ducements In Urdu or in Arabic for that matter there does not exist an
exact equivalent of this term Related yet much more comprehensive in mean
ing is the Arabic term wa wat in Urdu which signifies literally call
invitation demand and immediately will remind the Muslim of the anic
passage
Call to the way of your Lord with wisdom and godly exhortation
and argue with them in the best manner possible Surely your Lord knows best
him who has strayed from His path and He also knows best who are the right-
guided. al-Nahl 16 125
God is the subject of wa His call has to be obeyed His messenger
to be followed Each messenger practised wa by conveying wa
The content of the wa never changed it is islâm self-surrender the only
true religion din in the sight of God Imran 19 Thus it was
too to repeat the the invitation to Islam faith
fully and definitively and to establish the umma as the effective bearer of
wa in all times to come
After the death of Muhammad the understanding and practice of wa
evolved The umma was conscious of being sent to call to but soon
it proved to be more opportune to call the opposing party immediately to
political submission and the payment of tribute One could especially when
dealing with ahi al-kitâb people of the Book) refer to At-Tawba 9:29
Those who do not believe in Allah and the Last Day even though they
were given the scriptures and who do not hold as unlawful that which Allah and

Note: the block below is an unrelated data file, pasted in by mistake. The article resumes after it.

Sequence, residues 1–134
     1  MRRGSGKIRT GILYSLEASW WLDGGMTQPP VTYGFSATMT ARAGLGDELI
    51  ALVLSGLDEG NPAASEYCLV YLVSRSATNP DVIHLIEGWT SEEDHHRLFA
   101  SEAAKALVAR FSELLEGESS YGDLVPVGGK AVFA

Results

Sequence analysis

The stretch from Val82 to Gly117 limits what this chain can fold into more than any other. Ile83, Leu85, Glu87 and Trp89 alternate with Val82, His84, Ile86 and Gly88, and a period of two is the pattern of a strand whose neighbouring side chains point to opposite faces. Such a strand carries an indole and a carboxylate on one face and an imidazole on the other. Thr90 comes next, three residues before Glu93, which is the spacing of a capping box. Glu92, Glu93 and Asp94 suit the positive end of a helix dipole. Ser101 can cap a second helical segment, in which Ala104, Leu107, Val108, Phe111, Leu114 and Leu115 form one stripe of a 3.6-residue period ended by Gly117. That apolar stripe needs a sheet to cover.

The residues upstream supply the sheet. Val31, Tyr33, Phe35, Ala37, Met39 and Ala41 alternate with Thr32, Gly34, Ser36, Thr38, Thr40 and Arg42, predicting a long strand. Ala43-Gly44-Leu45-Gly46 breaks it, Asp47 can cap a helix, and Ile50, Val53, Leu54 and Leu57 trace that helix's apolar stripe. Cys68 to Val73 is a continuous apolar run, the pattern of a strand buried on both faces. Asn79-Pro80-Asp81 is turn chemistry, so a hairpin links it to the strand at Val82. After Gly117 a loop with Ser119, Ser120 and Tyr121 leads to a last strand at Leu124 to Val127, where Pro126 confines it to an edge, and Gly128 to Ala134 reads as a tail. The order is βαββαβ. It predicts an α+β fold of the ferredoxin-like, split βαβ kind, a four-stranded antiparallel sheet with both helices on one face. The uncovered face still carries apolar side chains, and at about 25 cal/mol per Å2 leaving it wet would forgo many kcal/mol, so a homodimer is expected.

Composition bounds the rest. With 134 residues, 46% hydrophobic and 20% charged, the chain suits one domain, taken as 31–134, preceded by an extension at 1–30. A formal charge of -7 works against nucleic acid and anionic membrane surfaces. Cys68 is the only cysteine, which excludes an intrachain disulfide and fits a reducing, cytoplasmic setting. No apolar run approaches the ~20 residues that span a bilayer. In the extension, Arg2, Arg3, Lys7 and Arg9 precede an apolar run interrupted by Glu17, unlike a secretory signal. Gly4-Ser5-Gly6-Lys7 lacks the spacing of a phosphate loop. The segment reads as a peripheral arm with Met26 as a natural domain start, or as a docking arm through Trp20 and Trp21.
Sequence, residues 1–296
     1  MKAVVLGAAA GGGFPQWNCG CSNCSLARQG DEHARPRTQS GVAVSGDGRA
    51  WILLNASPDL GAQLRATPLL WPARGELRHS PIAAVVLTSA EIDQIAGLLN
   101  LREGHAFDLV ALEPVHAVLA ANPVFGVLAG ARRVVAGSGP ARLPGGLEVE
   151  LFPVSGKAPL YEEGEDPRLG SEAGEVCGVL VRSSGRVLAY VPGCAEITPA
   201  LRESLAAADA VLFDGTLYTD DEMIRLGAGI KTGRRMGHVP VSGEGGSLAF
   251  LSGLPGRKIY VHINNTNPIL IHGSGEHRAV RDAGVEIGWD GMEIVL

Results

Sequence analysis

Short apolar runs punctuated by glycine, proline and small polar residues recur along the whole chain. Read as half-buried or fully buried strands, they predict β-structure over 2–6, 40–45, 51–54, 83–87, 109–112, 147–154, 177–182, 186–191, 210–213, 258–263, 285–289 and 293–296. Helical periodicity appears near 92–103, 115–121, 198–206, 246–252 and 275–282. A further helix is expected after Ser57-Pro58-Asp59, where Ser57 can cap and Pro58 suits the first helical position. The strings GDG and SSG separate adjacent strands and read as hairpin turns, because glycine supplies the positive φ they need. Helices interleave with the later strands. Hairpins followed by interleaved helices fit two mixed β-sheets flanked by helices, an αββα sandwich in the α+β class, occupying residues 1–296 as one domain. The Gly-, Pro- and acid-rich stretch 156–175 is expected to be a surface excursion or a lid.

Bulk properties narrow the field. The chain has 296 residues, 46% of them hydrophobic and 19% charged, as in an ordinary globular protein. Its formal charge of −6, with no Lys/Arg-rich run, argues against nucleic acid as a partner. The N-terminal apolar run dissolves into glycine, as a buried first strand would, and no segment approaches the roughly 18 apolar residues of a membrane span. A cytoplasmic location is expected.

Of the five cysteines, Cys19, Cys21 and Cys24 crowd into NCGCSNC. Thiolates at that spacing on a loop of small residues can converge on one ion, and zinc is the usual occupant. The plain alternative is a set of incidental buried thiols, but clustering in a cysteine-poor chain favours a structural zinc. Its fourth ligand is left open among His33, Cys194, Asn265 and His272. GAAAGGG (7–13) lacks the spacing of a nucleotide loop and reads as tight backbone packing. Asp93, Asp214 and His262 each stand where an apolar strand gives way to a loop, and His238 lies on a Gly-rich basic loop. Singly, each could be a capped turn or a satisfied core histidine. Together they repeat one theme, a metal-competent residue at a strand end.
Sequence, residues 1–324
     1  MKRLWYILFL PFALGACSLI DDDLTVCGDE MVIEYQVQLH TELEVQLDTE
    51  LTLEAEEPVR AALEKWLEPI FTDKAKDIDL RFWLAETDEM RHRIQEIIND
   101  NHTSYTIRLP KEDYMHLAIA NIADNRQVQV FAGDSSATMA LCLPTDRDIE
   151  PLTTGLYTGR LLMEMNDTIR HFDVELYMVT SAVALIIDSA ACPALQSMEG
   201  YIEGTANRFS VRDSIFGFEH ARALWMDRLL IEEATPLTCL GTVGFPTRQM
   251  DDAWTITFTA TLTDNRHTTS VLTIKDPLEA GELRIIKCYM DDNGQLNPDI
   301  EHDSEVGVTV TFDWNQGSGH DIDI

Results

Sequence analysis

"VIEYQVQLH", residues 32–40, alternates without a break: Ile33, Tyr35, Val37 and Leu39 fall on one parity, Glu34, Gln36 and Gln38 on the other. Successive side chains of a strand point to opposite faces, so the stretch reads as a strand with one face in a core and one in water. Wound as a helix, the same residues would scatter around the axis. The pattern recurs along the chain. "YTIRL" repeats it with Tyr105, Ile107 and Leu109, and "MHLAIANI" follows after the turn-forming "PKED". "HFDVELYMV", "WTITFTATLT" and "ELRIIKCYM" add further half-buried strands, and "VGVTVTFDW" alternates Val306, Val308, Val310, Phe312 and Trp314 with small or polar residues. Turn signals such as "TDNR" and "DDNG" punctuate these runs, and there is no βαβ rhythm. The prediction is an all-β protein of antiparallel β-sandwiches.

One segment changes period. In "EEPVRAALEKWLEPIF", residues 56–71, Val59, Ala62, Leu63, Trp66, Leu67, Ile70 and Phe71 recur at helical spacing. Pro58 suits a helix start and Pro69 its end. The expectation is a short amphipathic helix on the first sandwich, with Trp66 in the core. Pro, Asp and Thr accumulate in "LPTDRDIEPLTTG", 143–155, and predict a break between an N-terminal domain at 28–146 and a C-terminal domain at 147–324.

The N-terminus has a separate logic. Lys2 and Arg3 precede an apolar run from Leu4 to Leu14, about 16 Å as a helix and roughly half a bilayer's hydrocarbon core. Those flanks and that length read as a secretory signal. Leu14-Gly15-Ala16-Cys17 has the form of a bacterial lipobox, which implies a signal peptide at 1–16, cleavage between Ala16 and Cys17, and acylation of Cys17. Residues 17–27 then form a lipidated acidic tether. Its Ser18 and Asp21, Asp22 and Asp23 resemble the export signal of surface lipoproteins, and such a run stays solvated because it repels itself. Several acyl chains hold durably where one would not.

His Messenger have declared to be unlawful and who do not follow the true
religion- fight against clatilu them until they pay tribute with willing hand
and are in state of subjection.
Non-Muslim opponents were offered choice of one of three alterna
tives Acceptance of Islam Submission and payment of tribute Decid-
115 ARCHIVES DE SCIENCES SOCIALES DES RELIGIONS
ing battle At the end of process of formative development the institution
of wa had become an integral element of the body of the It formed
part of the classical doctrine of jihad Hock 1990 pp 12 13f.
How then did Islam expand actually in history In earliest times military
conquest preceded conversion at least as far as the heartlands of Islam are
concerned The military campaigns of the first Islamic century aimed primarily
at the expansion of the Muslim Arab empire and the dominance of the umma
rather than at directly increasing the number of Muslim believers What even
tually brought about so many conversions was not or at least not primarily
the missionary engagement of Muslims individually or as groups It was
rather within the context of the newly created and rapidly expanding domain
of Islam- the genesis of an Islamic milieu with all its social religious and